04.16.08

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Why ISO and Microsoft Will Share a Bad Headache Until June

Posted in Antitrust, ECMA, Europe, IBM, ISO, Microsoft, Open XML, OpenDocument, Standard at 5:18 am by Dr. Roy Schestowitz

Under investigation, under great pressure, scrutiny

Our recent coverage of the situation at ISO was almost excessively critical [1, 2, 3], but we are by no means alone. Glyn Moody has just taken a look at the latest FAQ to judge it for himself and he was equally appalled by what he found. Among his observations:

This is amazing: since when did proprietary lock-in represent “additional functionality”? That’s a bit like saying handcuffs offer “additional functionality” to boring old handcuff-less freedom. Proprietary lock-in – even when dignified with the euphemistic moniker of “legacy documents” – is what open standards are supposed to avoid; touting it as an “extra” is a simple betrayal of the fundamental underlying idea.

[...]

In other words, ISO’s FAQ, designed to quell the storm, ends up confirming many of the very issues its critics have raised, and feeding it. Well, I suppose that’s a kind of progress.

How did ISO end up sidling with a single company that went face to face against an entire industry? ISO will probably blame ECMA and Microsoft will surely give credit to ECMA, but at the end of the day it is clear that this system of (mis)trust is utterly broken and it needs to be fixed very quickly, before other proprietary technologies like XPS are passed as 'standards' on the Fast Track.

Remember that XPS can be made reliant on modules of OOXML, which itself, as we already know, is rather horrific. Under the “it’s already an ISO standard” excuse, this sordid mess can be further complicated with dependencies that bring a whole chain that makes a proprietary stack. How long before Windows is made a standard a la POSIX? (the sarcasm of desperation should be noted here)

IBM, which is merely one among hundreds of ODF supporters, has just published the following article about OpenDocument Format for those who intend to read a primer.

The OASIS Open Document Format for Office Applications (ODF) is an XML standard that lets you store and exchange office application documents, including word-processor, spreadsheet, and presentation files. Whether you try to perform special tasks on files saved from such applications or work on applications to process such files, you should become familiar with this important format. Learn about the two possible forms of OpenDocument files, as multipart packages and as single XML documents, and learn how to structure text and tabular information in OpenDocument.

There is something else which is worth highlighting today. In the Indian press, the following headline has just turned up: “Microsoft never opposed ODF”. Why not implement it then? Why duplicate? Why literally go against the entire industry? Why run a smear campaign against ODF? Why steal Document Freedom Day?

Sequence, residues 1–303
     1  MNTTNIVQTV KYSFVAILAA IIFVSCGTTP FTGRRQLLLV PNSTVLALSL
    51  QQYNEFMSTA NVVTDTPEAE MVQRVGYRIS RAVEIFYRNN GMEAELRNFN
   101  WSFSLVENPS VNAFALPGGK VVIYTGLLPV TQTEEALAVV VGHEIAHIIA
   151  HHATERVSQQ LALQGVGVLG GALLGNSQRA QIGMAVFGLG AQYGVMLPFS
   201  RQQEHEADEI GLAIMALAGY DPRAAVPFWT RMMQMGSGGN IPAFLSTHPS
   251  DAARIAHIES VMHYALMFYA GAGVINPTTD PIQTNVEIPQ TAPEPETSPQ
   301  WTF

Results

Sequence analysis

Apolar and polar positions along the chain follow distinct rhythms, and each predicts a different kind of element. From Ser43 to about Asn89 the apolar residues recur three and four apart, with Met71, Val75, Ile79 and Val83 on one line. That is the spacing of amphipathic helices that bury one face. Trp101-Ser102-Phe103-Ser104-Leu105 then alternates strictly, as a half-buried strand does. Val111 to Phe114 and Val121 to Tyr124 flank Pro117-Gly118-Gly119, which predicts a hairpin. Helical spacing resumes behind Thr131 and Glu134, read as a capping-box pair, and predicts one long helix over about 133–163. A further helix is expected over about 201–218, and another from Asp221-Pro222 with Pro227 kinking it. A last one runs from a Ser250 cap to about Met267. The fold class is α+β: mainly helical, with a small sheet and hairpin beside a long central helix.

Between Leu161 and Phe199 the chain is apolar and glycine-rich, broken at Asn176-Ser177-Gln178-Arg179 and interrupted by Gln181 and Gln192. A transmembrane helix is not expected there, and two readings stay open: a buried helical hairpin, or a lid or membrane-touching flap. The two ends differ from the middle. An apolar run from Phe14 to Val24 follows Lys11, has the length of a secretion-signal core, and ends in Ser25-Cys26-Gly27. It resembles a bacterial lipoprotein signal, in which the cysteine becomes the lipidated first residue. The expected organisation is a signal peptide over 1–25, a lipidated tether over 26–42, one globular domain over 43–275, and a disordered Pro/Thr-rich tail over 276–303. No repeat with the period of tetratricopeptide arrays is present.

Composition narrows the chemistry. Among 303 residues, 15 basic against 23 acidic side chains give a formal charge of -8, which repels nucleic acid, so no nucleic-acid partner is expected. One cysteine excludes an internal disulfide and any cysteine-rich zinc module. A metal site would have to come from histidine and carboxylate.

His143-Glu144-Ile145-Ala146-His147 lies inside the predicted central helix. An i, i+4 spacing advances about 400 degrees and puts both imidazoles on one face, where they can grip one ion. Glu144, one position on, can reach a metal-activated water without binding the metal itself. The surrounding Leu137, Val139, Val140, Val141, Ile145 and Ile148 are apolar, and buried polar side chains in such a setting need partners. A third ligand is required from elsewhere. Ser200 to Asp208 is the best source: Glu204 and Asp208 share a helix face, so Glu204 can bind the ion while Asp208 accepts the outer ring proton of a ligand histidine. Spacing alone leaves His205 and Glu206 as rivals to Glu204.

Here in this article you have Microsoft even admitting that OOXML is deficient.

It is almost impossible to resolve 100% of issues, as you are resolving some issues which you have identified like software codes, someone would come with 2-3 new issues.

And that is why standards go into maintenance, and maintenance is of two kinds – to fix any flaws that had been identified or may get identified or to add any new capabilities to the standard. If there are issues that could be resolved later on, then members take this to the standards body as it was out of the hands of the Microsoft. So, this vote kind of reflects that sentiment.

In other words, Microsoft shoved a buggy set of specifications, which Office will never have implemented by the way, down ISO’s threat. It’s left for ISO to choke on.

On the brighter side of things, the abuses for an ISO (and inside ISO) are being studies by the European Commission (EC) which is yet to report back. It has almost two months left, during which OOXML as an ISO standard can be retracted and ISO left very embarrassed, humiliated and even publicly shamed using the EC’s findings. In the mean time, having gathered initial evidence that Microsoft has not changed its ways, Europe will continue to evaluate its migration to GNU/Linux as well as a Microsoft embargo (at a a high level, namely government tier). There are several newer articles that cover these developments, including:

The Commission, which has not responded yet, is allowed a few weeks to reply.

A European MP has called for the EU to stop doing business with Microsoft until it complies with an order to open up to competition.

Recall that recent video which shows Neelie Kroes as she speaks about the price of fleeting [sic] the rules. This could be expensive for Microsoft. It is a matter of contracts and reputation, not just heavy fines. For reasons that we highlighted before, the United States is unlikely to intervene as it should.

“I’m sorry that we have to have a Washington presence. We thrived during our first 16 years without any of this. I never made a political visit to Washington and we had no people here. It wasn’t on our radar screen. We were just making great software.”

Bill Gates

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